Are there any words in Chinese of 2 more syllables where there isn't a glottal stop between the syllables such that each syllable is not pronounced clearly, that a final consonant and initial consonant could be analyzed as a consonant cluster? I'm asking this question mostly in reference to Chinese languages descended from Middle Chinese, but wouldn't mind knowing about Min Chinese, or Chinese languages that diverged even earlier, like Waxiang.
I think this question should be "Are there any multi-syllabic words in Chinese with a glottal stop?"
In common speech, (almost) no words have an actual glottal stop in there, whereas the sound is the one identified by the IPA symbol
/ʔ/ and defined as:
a type of consonantal sound [...] produced by obstructing airflow in the vocal tract [...].
Typical poly-syllable words aren't pronounced with such an airflow obstruction, because the sounds are distinct enough. This is the case of encounters of:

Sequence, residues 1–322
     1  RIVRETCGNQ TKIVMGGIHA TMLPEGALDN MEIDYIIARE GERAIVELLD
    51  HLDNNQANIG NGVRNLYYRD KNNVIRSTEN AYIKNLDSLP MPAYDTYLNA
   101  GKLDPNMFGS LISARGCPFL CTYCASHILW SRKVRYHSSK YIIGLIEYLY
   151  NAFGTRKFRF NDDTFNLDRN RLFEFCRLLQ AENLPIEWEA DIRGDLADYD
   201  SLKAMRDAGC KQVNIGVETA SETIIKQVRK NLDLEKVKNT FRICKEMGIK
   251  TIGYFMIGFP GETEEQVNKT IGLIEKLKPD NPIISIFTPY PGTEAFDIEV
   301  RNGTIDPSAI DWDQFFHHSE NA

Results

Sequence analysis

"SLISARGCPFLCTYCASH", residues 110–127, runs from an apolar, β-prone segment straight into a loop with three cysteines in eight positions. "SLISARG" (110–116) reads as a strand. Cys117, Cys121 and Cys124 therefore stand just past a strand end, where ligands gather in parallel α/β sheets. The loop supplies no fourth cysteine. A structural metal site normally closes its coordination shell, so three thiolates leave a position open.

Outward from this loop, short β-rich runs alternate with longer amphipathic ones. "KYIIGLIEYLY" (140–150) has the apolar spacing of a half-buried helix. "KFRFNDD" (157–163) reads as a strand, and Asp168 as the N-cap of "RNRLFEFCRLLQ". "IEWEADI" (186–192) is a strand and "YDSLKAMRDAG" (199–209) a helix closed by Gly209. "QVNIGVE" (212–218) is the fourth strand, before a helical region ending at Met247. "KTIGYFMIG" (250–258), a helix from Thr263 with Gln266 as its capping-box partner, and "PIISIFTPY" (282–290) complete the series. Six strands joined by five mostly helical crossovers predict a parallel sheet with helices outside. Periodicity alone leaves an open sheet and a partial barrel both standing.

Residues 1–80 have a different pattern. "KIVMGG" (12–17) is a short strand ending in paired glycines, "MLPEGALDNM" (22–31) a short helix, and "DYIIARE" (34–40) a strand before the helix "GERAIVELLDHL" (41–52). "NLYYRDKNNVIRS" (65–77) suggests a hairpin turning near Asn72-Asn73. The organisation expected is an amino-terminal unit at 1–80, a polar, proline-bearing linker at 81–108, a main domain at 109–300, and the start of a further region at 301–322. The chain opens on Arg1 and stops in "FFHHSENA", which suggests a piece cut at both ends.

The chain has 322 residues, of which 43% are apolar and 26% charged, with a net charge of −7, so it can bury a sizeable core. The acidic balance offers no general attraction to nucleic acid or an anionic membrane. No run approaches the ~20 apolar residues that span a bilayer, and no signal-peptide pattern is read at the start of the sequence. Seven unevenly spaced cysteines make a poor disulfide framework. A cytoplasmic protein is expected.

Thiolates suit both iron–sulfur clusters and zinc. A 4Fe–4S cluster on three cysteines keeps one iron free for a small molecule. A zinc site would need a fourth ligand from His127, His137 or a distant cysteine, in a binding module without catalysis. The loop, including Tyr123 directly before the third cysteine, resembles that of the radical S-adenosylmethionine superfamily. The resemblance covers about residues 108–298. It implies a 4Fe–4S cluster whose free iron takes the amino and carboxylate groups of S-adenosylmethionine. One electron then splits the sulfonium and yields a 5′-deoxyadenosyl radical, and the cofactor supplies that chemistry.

- vowel+consonant (肌肉，主张)
- consonant+consonant (晚饭，面条)
- vowel or velar nasal (the ng sound /ŋ/) + semivowel (the approximants
/w/), as in (储物，掌握), where, even if the sounds do blend to a certain degree, they are still distinct enough.
The only case where you do have an almost mandatory glottal stop
/ʔ/ in speech is nasal (
/n/) + vowel. Why? Because syllables with nasal initial in Mandarin are valid:
In these cases the glottal stop is needed to properly signal to the listener which syllable we are pronouncing. This is also the reason why in pinyin it is used an apex (apostrophe) sign.
For example 晚安 in pinyin is
wan'an and in IPA
/wanʔan/, otherwise you could simply confuse it with
wa+nan. That there's no common word with this very pinyin is irrelevant. Other fairly common examples are 感恩
/kanʔen/) and 深奥
The vowel+vowel case (对岸，马鞍, 骄傲) doesn't require mandatory glottal stop (even though you definitely can add one) because the encounter of vowels can't be mistaken for a valid syllable, where nasal+vowel can.
Theoretically, no; colloquially, yes.
Glottal stop appears before a syllable "without consonant", like 棉袄 (mián'ǎo, [mjɛnʔau], "cotton coat"). This applies to all such syllables. However, in daily spoken language, emphasis on glottal stops is quite unnatural, so a possible implementation may be [mjɛ̃ːau].